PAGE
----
Beneath The Rising by Premee Mohamed (Beneath the Rising #1)
Nick Prasad has always enjoyed a quiet life in the shadow of his best friend, child prodigy and technological genius Joanna ‘Johnny’ Chambers. But all that is about to end.
When Johnny invents a clean reactor that could eliminate fossil fuels and change the world, she awakens primal, evil Ancient Ones set on subjugating humanity.
From the oldest library in the world to the ruins of Nineveh, hunted at every turn, they will need to trust each other completely to survive…
TITLE: Beneath the Rising
AUTHOR: Premee Mohamed
LENGTH: 464 pages
GENRE: Fantasy, Horror, Science Fiction
Queer Rep Summary: Ace/Aro Secondary Character(s).
BENEATH THE RISING features the unhealthy friendship of two teens in a bizarrely stable equilibrium which is maintained by neither of them thinking about it too hard and rarely having actual conversations about the way their edges cut. Johnny needs Nicky’s help to stop the tentacle monsters/gods from breaking into this dimensions and rending the world, but as they race across the globe Nicky finds himself less and less sure that she actually needs his help, and increasingly convinced that he’s just there as her porter. It doesn’t help that the monsters keep crashing into his dreams to try and make a deal.
I liked the second half much more than the first, but if you find yourself disliking Nick as a narrator you should know it only intensifies. I read the entire thing despite not liking either of them as characters, since it felt like more was going on than was immediately obvious.
The opening paragraph establishes the timeframe and the split from real-world history with a brevity and deftness which is, quite frankly, stunning. The prose is fluid, conveying Nicky’s understanding of the world and the beings in it in a way that gives his perspective without getting in the way. Terror lies in the gaps when words fail him, as the monsters rise and the world grows ever stranger. It’s fast-paced and driven by the urgency of fear, with just enough answers available at each stage to temporarily hold back Nicky’s confusion in the face of Johnny’s need to hoard information. Some later sections started to feel like they were trying to be both a brief tour of various MENA and Middle Eastern locations as well as focusing on the dynamic between Nicky and Johnny. As you may gather from the rest of this review, there wasn’t really room to accomplish both, and so I was left with a blurry impression of Nick’s surprise as a first-time traveler.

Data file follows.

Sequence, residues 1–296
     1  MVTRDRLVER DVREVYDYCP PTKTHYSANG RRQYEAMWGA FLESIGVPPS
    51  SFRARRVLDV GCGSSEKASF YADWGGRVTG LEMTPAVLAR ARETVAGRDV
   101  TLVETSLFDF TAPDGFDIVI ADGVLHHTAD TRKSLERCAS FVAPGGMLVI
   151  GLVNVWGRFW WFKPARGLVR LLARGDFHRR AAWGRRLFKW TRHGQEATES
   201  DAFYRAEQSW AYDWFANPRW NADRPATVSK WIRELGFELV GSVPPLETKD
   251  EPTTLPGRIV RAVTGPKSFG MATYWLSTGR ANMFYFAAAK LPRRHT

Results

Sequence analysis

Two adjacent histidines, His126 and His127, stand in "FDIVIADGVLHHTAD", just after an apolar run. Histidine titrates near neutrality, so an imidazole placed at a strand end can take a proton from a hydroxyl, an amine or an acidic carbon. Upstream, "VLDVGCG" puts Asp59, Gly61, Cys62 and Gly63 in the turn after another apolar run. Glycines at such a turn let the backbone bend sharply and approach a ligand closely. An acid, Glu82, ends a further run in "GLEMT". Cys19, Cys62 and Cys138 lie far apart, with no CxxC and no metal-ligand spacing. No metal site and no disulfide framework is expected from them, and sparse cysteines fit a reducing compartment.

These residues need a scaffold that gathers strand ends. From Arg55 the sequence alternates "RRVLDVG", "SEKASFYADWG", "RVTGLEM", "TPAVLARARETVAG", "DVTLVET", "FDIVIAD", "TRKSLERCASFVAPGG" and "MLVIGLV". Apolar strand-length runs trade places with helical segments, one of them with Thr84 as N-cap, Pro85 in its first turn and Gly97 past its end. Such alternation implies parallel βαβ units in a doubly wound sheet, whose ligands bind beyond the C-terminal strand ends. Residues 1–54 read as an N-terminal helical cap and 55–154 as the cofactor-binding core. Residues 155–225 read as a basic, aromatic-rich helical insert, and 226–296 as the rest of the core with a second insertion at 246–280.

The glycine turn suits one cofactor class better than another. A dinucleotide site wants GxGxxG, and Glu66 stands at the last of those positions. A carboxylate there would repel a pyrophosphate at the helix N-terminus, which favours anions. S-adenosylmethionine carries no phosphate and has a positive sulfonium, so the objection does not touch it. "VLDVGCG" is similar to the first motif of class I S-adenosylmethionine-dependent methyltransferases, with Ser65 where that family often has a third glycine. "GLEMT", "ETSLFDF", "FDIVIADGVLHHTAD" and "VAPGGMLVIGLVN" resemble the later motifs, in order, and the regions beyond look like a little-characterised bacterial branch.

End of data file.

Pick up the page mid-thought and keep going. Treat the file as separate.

The story revolves around the relationship between Nicky and Johnny. The specific plot events of monsters appearing, endless travel, occasional difficulties with authorities, and uneasy alliances with prior acquaintances of Johnny’s all serve to intensify and flavor Nicky’s endless thoughts of his past, how he and Johnny are in relation to each other, and whether he feels useful or just used.
Nicky seems unable to understand that Johnny will never be interested, he’s holding on to just enough hope that he torments himself with little thoughts of how some small casual or platonically intimate word or action has a romantic parallel. It’s just enough to read like a character trait without rising to the level of being grating, since he doesn’t use these hopes against Johnny. They’re little things, like thinking how them using the same chapstick one after another is “the closest we’d ever come to a kiss.” To whatever degree he understands his position of “needed but not romantically loved” by Johnny, he’s unwilling or unable to have that change how he feels about her. He has stuck around for years even though he wants something she will not or cannot reciprocate, and she has a privileged life that means their every moment of existence widens the gulf between their experiences. There's a very specific reason for this with a pretty good payoff, but it was a bit grating before it was explained.
Nick is a poor brown boy and Johnny is a rich white girl, they’re bonded together now through years of time spent as friends, but it originally started when they were present as children for a violent event which Nicky now only dimly remembers. Nicky is the point-of-view character, on the outside looking in as Johnny is a super-genius who never says she thinks of him as lesser but he keeps feeling the gulfs between their experiences of the world. They’re both deeply flawed, with separate competencies and gaps in their knowledge, complementing each other in a way that means they’re both constantly a bit frustrated once the fate of the world hangs on Nicky helping Johnny be a genius one more time. It’s a blend which was at times frustrating to read but mostly feels like an endless dance, a catch-and-release as Nicky slowly starts to realize that his genius friend isn’t perfect, and the lens of his regard of her and the new places she drags him into shows the gaps in his own understanding. It’s entertaining to read, shot through with moments of fear and dread as the consequences of years of Johnny’s actions start to have costs in the present. As the stakes get higher and they both begin panicking (for very excellent plot reasons), their rapport cracks more and more and they stop consistently covering for each other’s frailties, sometimes digging in on what they know for sure and what the other person couldn’t possibly understand.
CW for sexual content (brief), ableist language (brief), cursing, islamophobia, alcohol, kidnapping, excrement (brief), vomit (graphic), intrusive thoughts (graphic), blood (graphic), gore, injury description, medical content, violence (graphic), gun violence, body horror, self harm (backstory), animal death, death.
TW for Harry Potter references (brief).